Monday, 17 October 2016

Lost and forgotten streets of Manchester ...... nu 67 walking down Gun Street in 1851

Now this is another one of the walks I would like to have taken in the spring of 1851.

It would have started just past New Cross, where Great Ancoats Street joined Oldham Road and Swan Street and running from Bond Street, crossed George Street, Blossom Street and finished at Jersey Street.

It is still there today, a narrow street, dominated by tall modern buildings a few workshops which long ago lost any entrances onto the road and some open spaces.

In total I don’t suppose it would have taken more than five minutes to walk its length in the 1850s, but in that short time there would have been all that the curious spectator might have wanted to observe.

For here were small terraced properties, the dark and secretive courts hidden from view and plenty of pubs and beer shops.

Gun Street in 1901
Here too was a cross section of the city’s working population from skilled journeyman to shop keeper, textile worker and a heap of unskilled labour.  And reminding us that Manchester still moved courtesy of the horse Gun Street had a blacksmith.  Perhaps even more surprising was that in that year of 1851 there was still a handloom weaver and an agricultural labourer.

In total there were 384 people living in just 63 houses with some crammed into the cellars.  The rents ranged from 1 shilling 6d to 4 shillings and 6d when a factory girl might earn between 7 and 9 shillings, a week a labourer 18 shillings and a police constable 20 shillings.

And along that short street you could have heard the accents of the rural north as well as London, and the Midlands but dominating all would have been that of the Irish, for here amongst our 384 inhabitants were 235 from Ireland and only 125 from Manchester.**

And as you would expect there is much more than we could uncover, from poor sanitation, adulterated food, the large numbers of pubs and beer shops and those dark and secretive courts hidden from view.

But all that is for later.  Instead I shall leave you with the thought that had you tired of Gun Street and returned to New Cross you chanced at best a rowdy noisy meeting place and at worst a venue for popular discontent.

For most of the last half century, there had been protests and like that of April 1812 in Oldham Road at New Cross when a food cart carrying food for sale at the markets in Shudehill was stopped and its load carried off.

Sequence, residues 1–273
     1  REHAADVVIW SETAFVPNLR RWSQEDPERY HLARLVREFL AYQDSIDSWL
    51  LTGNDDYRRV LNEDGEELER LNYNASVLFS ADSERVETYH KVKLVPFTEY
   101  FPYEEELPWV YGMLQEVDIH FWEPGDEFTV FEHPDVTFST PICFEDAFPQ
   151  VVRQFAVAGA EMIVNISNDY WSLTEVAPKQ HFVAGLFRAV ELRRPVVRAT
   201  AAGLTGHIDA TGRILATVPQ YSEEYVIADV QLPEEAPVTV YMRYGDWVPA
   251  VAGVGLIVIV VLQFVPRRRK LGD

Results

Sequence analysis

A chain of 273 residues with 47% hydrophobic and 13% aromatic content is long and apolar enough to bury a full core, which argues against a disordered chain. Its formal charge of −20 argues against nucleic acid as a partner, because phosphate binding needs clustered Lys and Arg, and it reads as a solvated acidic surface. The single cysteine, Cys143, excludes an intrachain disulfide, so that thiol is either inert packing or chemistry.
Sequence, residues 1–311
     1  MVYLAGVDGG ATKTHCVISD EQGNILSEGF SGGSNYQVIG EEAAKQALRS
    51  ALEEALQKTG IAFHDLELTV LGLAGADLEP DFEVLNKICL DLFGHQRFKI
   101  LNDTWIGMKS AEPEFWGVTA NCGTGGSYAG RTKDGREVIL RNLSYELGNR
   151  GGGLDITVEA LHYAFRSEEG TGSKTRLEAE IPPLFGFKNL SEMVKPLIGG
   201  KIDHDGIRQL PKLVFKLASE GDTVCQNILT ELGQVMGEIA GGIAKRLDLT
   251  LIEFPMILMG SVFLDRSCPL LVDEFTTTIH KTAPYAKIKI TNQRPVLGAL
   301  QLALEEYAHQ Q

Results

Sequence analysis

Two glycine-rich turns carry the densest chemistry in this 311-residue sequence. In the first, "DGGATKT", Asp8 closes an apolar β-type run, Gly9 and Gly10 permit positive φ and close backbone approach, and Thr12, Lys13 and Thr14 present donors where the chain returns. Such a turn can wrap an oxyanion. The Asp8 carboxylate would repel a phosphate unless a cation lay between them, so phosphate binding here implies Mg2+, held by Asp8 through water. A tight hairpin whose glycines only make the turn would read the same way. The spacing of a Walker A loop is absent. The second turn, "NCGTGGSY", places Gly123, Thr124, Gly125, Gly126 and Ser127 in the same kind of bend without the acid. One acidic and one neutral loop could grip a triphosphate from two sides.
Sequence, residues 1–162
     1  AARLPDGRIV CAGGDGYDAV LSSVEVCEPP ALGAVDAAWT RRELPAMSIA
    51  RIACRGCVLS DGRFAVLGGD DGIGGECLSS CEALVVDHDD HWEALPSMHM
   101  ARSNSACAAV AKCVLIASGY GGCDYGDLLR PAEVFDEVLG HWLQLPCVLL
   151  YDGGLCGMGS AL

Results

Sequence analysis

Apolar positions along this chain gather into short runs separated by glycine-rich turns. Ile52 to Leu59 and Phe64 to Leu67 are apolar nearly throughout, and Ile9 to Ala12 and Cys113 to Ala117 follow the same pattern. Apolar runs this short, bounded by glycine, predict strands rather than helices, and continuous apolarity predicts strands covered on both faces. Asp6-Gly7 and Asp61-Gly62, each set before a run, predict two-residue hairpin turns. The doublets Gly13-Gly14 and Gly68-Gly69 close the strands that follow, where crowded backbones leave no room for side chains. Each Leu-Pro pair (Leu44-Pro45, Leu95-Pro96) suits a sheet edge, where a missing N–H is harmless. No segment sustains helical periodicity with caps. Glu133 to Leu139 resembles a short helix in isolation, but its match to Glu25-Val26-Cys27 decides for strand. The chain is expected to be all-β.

Nearby shops were also attacked and looted.  The mob was eventually dispersed by soldiers but only as far as Middleton.  There they met with an assembly of handloom weavers, miners and out of work factory operatives gathered to protest against the introduction of power loom machinery at Barton and Sons weaving mill.

The mob which had grown to 2000, was dispersed by “A party of soldiers , horse and foot, from Manchester arriving, pursued those misguided people, some of whom made a feeble stand; but here again death was the consequence, five of them being shot and many severely wounded.”    

While after the events at Peterloo in 1819 the military and the local police patrolled the streets like some occupying force, and in the early evening with tensions still high a large crowd gathered at New Cross.

Gun Street in 2011
Some of the crowd began throwing stones at the police and soldiers opened fire.  Before the crowd had dispersed, Joseph Ashworthy had been killed and several others lay injured.  Not surprisingly many of those injured in this event came from that close network of streets around Gun Street.

Location; Manchester

Pictures; part of Gun Street from the OS map of Manchester, 1842-44, courtesy of Digital Archives Association, Gun Street from Blossom Street, A Bradburn, 1901  M11341, courtesy of Manchester Libraries, Information and Archives, Manchester City Council, and Gun Street from Blossom Street 2011, from the collection of Andrew Simpson

*Rate Books
**1851 census

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